Removing and disposing of contaminated soil is one of the biggest jobs at the Hanford Nuclear Reservation.
So when government officials announced this week they want to look into digging a bit shallower at the southeast Washington site, a lot of people took notice.
Dennis Faulk heads the Richland office of the U.S. Environmental Protection Agency and as been answering a lot of questions at Hanford cleanup advisory board meetings this week. He’s also asking the public whether federal Hanford managers should study digging less at Hanford --10 feet down around contaminated waste sites, instead of 15.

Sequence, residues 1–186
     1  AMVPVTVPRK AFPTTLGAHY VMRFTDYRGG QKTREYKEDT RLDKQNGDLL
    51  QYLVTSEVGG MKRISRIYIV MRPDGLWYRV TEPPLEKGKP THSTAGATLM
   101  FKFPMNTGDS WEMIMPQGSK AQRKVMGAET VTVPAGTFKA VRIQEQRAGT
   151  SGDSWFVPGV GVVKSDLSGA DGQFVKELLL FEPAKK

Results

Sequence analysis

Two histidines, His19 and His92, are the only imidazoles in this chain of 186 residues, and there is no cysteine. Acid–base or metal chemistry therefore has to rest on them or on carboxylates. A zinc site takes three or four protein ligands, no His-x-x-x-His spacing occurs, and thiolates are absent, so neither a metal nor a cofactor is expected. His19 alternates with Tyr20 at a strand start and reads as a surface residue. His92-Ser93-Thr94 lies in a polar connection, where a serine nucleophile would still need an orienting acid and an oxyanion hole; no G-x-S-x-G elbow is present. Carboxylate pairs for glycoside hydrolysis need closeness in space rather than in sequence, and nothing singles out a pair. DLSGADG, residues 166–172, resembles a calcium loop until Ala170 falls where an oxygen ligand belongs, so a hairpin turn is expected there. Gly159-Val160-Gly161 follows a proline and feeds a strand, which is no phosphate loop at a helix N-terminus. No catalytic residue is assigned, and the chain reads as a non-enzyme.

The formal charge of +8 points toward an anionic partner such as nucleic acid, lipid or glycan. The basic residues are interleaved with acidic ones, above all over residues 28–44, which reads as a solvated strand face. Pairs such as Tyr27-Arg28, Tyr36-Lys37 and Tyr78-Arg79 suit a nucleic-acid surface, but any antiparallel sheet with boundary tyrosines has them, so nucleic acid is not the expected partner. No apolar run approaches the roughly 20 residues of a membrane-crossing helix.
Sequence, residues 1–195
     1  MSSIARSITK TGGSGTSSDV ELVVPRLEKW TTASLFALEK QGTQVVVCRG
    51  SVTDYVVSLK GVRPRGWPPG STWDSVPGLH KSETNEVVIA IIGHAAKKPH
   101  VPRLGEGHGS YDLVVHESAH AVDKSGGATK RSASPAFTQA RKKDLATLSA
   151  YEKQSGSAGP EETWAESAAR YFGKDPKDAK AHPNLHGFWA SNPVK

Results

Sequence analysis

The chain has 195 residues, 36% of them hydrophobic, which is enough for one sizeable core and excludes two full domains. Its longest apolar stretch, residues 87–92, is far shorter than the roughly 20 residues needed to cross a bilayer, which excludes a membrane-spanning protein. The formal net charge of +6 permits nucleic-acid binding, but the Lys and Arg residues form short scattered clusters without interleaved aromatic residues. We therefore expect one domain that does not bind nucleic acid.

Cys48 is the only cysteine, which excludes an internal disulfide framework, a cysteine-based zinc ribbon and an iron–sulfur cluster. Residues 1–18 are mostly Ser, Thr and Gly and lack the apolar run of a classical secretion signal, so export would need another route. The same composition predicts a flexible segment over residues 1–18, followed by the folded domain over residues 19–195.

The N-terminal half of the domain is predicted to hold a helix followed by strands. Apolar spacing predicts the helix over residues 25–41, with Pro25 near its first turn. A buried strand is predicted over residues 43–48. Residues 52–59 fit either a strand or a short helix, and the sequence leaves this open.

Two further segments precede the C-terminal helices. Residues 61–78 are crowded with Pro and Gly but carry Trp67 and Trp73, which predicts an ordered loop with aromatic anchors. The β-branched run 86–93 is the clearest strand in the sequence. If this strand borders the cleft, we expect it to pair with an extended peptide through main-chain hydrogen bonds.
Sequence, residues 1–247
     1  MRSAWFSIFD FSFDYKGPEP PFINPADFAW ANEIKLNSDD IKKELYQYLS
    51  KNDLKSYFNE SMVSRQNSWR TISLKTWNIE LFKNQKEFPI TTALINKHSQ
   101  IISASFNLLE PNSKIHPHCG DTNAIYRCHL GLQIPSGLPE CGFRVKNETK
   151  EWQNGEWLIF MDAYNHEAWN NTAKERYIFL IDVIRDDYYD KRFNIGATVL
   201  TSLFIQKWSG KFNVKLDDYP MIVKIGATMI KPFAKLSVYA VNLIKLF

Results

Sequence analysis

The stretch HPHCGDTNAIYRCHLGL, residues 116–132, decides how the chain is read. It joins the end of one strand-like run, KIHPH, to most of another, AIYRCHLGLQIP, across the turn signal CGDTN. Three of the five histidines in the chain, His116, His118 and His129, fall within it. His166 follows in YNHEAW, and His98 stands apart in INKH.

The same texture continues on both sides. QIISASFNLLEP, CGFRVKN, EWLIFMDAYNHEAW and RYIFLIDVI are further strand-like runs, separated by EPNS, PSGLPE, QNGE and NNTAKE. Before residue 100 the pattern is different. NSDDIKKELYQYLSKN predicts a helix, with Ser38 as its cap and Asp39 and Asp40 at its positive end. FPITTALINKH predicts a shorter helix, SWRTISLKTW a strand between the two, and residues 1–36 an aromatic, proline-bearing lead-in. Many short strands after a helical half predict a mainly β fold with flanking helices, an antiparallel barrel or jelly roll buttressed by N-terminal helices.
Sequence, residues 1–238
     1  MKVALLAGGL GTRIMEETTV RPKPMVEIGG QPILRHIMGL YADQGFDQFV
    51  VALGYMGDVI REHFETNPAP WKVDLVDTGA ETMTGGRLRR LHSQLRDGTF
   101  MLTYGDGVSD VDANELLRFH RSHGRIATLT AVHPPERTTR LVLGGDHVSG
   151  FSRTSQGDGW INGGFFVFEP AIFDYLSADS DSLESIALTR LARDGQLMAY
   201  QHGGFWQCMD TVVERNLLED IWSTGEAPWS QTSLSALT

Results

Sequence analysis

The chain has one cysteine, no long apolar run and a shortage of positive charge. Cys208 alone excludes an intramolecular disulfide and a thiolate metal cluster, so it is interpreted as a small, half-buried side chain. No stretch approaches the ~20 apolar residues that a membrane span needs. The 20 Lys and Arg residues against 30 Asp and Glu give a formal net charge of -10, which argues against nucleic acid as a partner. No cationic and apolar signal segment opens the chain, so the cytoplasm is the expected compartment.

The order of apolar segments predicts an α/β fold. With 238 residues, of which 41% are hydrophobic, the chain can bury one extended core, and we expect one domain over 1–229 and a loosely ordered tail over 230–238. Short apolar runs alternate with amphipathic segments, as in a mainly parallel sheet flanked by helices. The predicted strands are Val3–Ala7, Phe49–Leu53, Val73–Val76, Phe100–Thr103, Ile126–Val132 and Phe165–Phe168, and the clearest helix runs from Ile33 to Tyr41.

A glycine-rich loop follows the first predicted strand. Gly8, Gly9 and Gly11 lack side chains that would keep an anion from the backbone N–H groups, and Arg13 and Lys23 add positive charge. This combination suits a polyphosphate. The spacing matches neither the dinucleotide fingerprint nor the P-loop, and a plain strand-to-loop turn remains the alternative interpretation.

“These evaluations cost money to do,” Faulk said. “And if in the end they aren’t going to be accepted we want to kind of have a feel for that.”
Faulk said digging less, would be way less expensive.
The proposed study would be of the Central Plateau, Hanford’s most contaminated 10-square-miles. It features underground pits where liquid radioactive waste was dumped and 43 miles of radioactive garbage-filled trenches.
Some say the federal government should clean up everything possible so the land is safer for future generations. The federal government is working on finalizing work plans for this area by spring.